We’re pleased to present to you the winners of our 2021 Mentor Collective scholarship contest. In the coming weeks, we’ll share snippets of essays and videos that our winners shared with us, painting a picture of what mentorship has looked like in this unprecedented year—and how it has provided the support crucial to surviving and thriving through it. Today, we’re saying congratulations to our third winner, Mwihaki Kiiru of St. John's Career Aspire Program.
When we asked St. John’s University junior Mwihaki “Haki” Kiiru about her career goals, we got an ambitious and admirable answer: “Long term wise, my bold ambition is to offer a seat at the table to everyone and anyone who comes after me, people of all races, religions, and genders.” It stands to reason that she’d want a mentor to help guide her to this goal, and she found just the one she needed in Queen Ofori.
At the start of the year, Haki’s focus was on landing an internship. Queen worked with Haki to meet this goal, sending along resources and internship descriptions that fit her needs. In Haki’s words, Queen’s help met the moment perfectly:
We’d also often have calls where she would give me tips before my interview then I’d call her after and go over the questions the interviewer asked and how I could better answer the questions in the future. Nevertheless, Queen was supportive and attentive and during this ongoing COVID pandemic, where it was very hard for many of us to figure out our next moves, she was everything I needed.
Their relationship took on added weight in early October, when Haki’s circumstances changed in an unimaginable way. “My world [did] a complete one eighty when my dad passed away. It was reported that it was due to COVID-19. At this point I didn't know if I could finish my semester, or if I even wanted to.” But with Queen’s help, Haki was able to take the time for herself that she needed to grieve, before returning to her internship search at the tail end of 2020.
2020 gave many of us more than we bargained for in the hardest of ways, but Haki is determined to stay on track and make the impact she wants to make on our world. When asked what compelled her to apply for the scholarship, her single-mindedness shone through as she answered, “I applied for this scholarship because I had a story to tell. My story. The growth and realizations I had during an all encompassing, tumultuous period of life.” And she’s gracious as she shares credit for how she got through this period:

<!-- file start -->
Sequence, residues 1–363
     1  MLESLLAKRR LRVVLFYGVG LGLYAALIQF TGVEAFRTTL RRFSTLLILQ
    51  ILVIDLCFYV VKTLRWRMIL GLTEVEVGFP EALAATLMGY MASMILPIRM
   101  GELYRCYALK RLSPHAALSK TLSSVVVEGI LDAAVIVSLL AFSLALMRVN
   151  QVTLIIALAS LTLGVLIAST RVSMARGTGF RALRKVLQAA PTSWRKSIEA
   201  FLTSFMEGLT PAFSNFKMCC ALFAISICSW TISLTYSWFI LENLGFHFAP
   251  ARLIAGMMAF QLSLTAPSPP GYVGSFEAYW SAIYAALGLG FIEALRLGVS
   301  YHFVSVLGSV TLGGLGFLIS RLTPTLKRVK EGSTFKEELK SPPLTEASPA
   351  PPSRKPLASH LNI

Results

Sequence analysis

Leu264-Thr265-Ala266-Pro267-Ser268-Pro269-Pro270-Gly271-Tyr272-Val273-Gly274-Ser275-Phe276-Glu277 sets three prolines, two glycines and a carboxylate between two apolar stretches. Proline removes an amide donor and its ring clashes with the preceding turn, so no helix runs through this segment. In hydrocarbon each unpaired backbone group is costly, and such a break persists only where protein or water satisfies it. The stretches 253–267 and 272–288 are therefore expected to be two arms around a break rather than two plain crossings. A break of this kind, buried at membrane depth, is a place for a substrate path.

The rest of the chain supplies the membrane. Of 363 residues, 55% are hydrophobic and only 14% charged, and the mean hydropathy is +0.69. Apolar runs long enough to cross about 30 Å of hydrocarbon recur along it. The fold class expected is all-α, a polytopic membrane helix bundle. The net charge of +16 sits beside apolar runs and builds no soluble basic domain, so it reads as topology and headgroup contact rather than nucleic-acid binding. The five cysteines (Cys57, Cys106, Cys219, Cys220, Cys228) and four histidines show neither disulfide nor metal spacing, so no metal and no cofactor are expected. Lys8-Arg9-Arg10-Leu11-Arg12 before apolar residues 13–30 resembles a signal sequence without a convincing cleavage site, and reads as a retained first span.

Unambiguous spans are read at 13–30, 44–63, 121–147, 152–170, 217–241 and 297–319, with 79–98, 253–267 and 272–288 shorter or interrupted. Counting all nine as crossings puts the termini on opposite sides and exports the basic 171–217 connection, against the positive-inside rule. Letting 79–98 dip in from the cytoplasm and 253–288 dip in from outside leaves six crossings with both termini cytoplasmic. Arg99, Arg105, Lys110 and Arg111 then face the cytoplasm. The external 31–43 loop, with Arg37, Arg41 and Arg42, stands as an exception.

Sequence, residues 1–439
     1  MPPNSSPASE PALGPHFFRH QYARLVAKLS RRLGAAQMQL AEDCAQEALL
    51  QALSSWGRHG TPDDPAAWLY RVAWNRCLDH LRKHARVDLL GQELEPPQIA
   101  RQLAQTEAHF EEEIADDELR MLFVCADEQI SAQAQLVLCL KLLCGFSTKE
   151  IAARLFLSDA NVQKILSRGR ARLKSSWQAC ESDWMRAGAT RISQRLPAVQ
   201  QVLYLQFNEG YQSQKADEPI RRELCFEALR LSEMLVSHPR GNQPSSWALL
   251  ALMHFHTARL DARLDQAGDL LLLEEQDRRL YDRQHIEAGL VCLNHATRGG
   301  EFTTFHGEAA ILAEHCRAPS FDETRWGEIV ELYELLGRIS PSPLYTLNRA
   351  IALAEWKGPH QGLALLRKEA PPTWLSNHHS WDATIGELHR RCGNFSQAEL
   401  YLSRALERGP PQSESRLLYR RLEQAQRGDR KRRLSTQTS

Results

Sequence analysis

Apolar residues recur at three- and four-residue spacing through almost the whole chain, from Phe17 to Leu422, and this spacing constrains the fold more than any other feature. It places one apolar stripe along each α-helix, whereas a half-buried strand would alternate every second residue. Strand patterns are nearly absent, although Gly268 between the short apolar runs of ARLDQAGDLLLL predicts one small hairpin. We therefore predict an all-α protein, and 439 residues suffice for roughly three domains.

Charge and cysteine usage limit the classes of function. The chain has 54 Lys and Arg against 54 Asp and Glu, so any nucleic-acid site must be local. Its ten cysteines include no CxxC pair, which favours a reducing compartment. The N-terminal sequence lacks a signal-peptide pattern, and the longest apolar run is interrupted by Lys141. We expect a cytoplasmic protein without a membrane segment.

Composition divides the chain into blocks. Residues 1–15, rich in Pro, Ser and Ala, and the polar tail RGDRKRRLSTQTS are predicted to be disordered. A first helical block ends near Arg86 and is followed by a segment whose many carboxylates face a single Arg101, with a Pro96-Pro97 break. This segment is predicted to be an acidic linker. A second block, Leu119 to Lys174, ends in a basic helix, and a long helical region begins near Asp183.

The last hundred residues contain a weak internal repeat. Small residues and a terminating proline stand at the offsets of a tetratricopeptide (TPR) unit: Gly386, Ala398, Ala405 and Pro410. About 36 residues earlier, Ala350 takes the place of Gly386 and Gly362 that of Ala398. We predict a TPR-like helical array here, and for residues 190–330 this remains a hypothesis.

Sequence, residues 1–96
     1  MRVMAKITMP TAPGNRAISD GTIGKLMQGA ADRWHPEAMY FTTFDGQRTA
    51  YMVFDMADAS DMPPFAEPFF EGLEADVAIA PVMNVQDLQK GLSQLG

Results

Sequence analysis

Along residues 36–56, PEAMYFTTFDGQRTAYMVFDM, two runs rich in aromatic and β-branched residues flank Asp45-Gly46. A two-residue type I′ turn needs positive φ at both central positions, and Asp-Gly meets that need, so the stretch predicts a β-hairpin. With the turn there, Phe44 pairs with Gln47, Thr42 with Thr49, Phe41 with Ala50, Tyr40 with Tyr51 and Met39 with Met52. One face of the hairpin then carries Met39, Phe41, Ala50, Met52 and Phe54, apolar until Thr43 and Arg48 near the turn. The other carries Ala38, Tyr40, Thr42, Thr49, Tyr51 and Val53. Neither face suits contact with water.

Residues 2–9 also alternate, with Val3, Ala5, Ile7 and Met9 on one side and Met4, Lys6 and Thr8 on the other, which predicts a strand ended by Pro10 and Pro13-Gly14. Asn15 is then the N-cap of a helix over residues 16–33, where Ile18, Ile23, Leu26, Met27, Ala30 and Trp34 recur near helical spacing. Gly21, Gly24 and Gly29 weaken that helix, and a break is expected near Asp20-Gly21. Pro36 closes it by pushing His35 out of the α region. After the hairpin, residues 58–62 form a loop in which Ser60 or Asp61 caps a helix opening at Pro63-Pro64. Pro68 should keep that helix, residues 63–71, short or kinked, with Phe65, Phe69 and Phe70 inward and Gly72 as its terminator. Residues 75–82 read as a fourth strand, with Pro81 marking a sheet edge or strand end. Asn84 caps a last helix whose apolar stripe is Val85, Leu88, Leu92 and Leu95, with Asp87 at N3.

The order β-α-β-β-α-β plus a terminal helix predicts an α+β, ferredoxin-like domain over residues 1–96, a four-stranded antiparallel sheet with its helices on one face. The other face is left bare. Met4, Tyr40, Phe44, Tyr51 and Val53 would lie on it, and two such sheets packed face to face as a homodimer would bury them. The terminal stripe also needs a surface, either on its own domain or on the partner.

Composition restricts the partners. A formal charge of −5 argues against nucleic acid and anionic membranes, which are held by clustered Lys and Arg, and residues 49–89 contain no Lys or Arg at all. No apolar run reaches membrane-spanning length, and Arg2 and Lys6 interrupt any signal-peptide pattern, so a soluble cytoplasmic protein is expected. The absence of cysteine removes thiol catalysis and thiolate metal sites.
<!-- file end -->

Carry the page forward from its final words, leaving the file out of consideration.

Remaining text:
When I applied to Mentor Collective I never would’ve figured I’d find a sister figure outside of the mentorship but then again I also never would’ve guessed this major event would take place this semester or even this early on [in] my life. Regardless, I will be forever grateful to this program for giving me a beacon of light during a time I so desperately needed.
And in true sisterly fashion, Queen’s response echoed Haki’s. “Although we connected during a troubling time,” she shared, “I strongly believe it has helped both of us be stronger and better versions of ourselves. I am grateful for the opportunity and I am looking forward to all the greatness to come our way.”
To Haki and Queen: we’re so happy to see how your mentorship connection helped you both grow and change together, and we can’t wait to see what the table you build leads to for our world.
To support connections like this on your own campus, get in touch with us to talk about developing a culture of mentorship.